Bio: Conor Nordengren is a Certified Strength and Conditioning Specialist (CSCS) accredited by the National Strength and Conditioning Association (NSCA). He is a graduate of Stonehill College, where he majored in Health Sciences with a minor in Business Administration. At Stonehill, Conor was a two-year member of the men’s basketball team. He completed internships in physical therapy and also worked as a physical therapist aide. Upon graduation, Conor interned at Cressey Performance in Hudson, Massachusetts, under widely recognized strength coaches Eric Cressey and Tony Gentilcore. During his time at Cressey Performance, he had the opportunity to work with a variety of clients including athletes at the professional, college, high school, and junior high school levels. Conor is now a strength and conditioning coach at Dynamic Strength and Conditioning in Nashua, New Hampshire where he is dedicated to helping people of all ages and ability levels achieve their fitness goals. You can read Conor’s blog at www.conornordengren.com and contact him at cnordengren@gmail.com.


Article For JTS: Thoughts On Becoming a Better Raw Squatter

4 Sep

I am really excited to have an article up at Juggernaut Training Systems. Chad Wesley Smith, is not only a phenomenal lifter, but an excellent coach. I realized after I had pushed “send” that I sent an article on improving your raw squat to a 900+ lbs raw squatter…thankfully he agreed with what I had to say.

Not All Squats Are Created Equal: 3 Thoughts On Becoming a Better Raw Squatter:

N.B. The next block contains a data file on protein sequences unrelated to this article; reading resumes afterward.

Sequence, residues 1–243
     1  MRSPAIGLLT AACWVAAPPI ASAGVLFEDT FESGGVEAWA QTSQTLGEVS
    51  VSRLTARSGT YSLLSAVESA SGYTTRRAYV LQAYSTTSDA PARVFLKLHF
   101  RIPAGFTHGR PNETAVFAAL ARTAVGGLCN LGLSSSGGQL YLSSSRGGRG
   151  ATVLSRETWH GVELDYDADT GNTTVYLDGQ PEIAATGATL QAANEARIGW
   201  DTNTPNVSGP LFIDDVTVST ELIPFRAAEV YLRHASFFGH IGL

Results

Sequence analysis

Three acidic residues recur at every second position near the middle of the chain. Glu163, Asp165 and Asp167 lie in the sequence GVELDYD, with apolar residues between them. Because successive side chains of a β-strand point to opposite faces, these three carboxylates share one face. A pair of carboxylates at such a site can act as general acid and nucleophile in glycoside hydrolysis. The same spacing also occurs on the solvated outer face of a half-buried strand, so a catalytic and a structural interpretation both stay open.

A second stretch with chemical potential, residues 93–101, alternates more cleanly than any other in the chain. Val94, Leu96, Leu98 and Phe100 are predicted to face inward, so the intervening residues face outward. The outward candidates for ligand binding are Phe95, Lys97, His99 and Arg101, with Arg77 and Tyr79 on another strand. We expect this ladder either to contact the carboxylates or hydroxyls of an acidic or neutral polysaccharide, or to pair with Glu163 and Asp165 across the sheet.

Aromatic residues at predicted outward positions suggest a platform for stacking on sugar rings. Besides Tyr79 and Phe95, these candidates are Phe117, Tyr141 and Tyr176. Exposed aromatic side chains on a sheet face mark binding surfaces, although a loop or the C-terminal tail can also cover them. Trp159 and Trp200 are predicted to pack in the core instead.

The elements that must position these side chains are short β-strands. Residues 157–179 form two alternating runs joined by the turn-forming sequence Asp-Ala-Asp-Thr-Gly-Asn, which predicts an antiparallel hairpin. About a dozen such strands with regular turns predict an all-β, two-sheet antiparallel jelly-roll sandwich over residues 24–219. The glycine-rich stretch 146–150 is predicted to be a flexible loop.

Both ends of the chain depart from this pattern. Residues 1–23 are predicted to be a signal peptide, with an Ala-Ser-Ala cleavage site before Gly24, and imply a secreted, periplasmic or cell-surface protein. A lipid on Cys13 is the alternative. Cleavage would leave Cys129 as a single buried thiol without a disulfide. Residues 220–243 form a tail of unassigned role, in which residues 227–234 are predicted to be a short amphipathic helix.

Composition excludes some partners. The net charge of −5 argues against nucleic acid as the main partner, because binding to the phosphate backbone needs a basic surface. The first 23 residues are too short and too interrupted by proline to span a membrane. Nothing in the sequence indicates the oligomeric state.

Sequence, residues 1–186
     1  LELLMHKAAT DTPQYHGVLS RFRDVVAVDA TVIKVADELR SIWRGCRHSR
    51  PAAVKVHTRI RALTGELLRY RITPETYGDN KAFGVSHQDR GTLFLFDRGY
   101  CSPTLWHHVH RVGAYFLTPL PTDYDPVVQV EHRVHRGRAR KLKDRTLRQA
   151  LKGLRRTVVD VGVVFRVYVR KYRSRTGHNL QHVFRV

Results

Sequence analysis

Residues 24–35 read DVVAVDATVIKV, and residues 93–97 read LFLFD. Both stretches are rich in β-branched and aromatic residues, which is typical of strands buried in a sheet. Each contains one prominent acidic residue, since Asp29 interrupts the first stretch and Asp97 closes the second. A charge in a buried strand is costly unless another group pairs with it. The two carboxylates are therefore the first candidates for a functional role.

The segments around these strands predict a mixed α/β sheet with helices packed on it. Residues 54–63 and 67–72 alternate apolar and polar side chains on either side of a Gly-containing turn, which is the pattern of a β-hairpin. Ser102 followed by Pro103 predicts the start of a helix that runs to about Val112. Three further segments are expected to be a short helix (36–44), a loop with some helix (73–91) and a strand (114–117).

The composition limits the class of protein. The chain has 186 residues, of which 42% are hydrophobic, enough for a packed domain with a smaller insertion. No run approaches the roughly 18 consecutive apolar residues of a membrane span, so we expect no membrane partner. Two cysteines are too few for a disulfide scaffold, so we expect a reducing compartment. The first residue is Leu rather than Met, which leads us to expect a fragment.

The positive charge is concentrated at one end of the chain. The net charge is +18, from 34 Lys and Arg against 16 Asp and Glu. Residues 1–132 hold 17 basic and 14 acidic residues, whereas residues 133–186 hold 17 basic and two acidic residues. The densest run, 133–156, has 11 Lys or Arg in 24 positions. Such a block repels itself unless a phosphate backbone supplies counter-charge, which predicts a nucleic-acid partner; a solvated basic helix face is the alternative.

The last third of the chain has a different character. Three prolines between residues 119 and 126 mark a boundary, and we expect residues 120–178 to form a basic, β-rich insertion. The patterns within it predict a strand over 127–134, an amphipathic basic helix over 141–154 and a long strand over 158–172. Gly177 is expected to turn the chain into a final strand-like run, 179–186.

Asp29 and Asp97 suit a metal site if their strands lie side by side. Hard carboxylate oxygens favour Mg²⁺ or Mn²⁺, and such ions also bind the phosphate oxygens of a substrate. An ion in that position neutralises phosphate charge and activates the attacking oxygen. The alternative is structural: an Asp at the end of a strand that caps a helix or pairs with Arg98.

If you want to be a good raw back squatter then you need to embrace the nuances of that lift. It isn’t the same as geared squatting, box squatting, front squatting, or any other kind of squat you might choose to utilize.

1. Stop box squatting

I don’t like the box squat for those looking to excel at raw squatting. Why? Mainly it’s too far removed from a technique and demand standpoint from the raw squat. Box squatting, done correctly, is a different lift all together. Most will assume a wider stance, utilize the hips to a point that isn’t possible in a raw squat, and become reliant on the controlled descent….

Continue reading HERE!

Quick Tip: Improve A Lift, By Doing The Lift!

3 Sep

If you want to improve your squat, deadlift, bench press, overhead press, pull up, etc. I firmly believe that your best bet is to do the lift. I often marvel at how many programs, designed to improve a certain lift, shy away from actually doing the lift in question. I guess in reality it’s not that shocking. After all, everyone is looking for the next best thing. People are quick to jump at some crazy new variation, or assistance lift guaranteed to elevate their numbers. The truth is, nothing will make you a better squatter than squatting more. The same goes for just about all the big lifts.